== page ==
Scientists warn that thawing permafrost will make the fight against climate change even more challenging than it already is.
A recent report revealed that the thawing permafrost at the Arctic is releasing toxins, ancient diseases, nuclear waste, and carbon dioxide that will double the amount of greenhouse gases already in the atmosphere.
Permafrost Thawing Could Pose Major Problems
Sue Natali, who has been studying the effects of thawing permafrost, described the scene she witnessed when she visited Duvanny Yar, Siberia in 2012.
"I still get chills when I think about it... I just couldn't believe the magnitude: collapsing cliffs the size of multi-story buildings," she described to BBC, "and as you walk along you see what look like logs poking out the permafrost. But they aren't logs, they are the bones of mammoths and other Pleistocene animals."
Permafrost — permanently frozen land and soil — is thawing, exposing materials that are better off buried. Alongside Pleistocene fossils are massive carbon and methane emissions, mercury, and even ancient diseases being unearthed.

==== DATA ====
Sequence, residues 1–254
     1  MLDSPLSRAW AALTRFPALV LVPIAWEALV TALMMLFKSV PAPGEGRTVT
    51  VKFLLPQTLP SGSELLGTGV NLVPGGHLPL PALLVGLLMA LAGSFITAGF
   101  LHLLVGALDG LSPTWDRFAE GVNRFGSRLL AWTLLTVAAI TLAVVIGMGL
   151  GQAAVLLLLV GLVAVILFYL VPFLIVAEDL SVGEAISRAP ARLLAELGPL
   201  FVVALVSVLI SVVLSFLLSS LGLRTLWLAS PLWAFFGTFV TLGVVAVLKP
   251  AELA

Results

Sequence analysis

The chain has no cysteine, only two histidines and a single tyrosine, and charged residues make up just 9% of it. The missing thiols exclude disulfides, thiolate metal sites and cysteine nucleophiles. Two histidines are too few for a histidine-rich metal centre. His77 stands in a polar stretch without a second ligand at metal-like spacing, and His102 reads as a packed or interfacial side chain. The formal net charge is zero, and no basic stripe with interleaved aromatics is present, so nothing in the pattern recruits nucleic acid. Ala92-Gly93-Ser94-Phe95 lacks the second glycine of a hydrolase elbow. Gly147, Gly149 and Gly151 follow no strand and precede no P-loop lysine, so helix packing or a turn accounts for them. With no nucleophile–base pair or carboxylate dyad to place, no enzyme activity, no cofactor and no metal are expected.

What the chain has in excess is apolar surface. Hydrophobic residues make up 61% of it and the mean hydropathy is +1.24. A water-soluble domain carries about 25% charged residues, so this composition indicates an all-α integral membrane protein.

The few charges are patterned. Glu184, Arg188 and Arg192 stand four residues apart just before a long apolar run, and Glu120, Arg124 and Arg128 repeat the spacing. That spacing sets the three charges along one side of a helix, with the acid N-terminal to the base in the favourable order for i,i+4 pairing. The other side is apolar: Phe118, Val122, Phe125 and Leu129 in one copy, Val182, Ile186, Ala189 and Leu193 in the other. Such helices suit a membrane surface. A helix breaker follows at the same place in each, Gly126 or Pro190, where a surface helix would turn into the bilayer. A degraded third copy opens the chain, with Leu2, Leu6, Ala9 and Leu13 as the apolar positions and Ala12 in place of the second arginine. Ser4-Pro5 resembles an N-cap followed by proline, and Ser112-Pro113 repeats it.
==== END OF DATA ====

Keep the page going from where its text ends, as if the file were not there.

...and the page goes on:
Natali said that up to 1,500 billion tonnes of carbon, which is twice the amount of carbon in the atmosphere, are stored in permafrost.
If the current rate of greenhouse gas emission continues, up to 70 percent of the Arctic ice will be gone by the end of the century. If significant changes are adopted worldwide, only 30 percent of the permafrost thaws.
"People talk about a carbon bomb," added Natali. "In geological timescales this is not a slow release. It is a pool of carbon that is locked away and is not accounted for in the carbon budget to keep rises below two degrees (Celsius)."
Carbon is not the only problem that will be unleashed to the world by the thawing permafrost. In 2016, a group of nomadic reindeer herders fell sick of anthrax. The infectious disease, which commonly affects domestic and wild animals, was traced back from a defrosting carcass of a reindeer that died 75 years before.
According to the 2018 Arctic report card, the Spanish flu and bubonic the plague could make a comeback in the near future. These ancient diseases, which have been wiped out a long time ago, might still be frozen in the permafrost. The thawing would unleash these illnesses to the world.
Toxic Mercury Leaking
The Arctic stores the most mercury anywhere on the planet. The U.S. Geological Survey said that up to 1,656,000 tonnes of mercury in the polar ice and the permafrost. Once released, the toxic chemical might seep into the food chain, posing danger to wildlife and humans.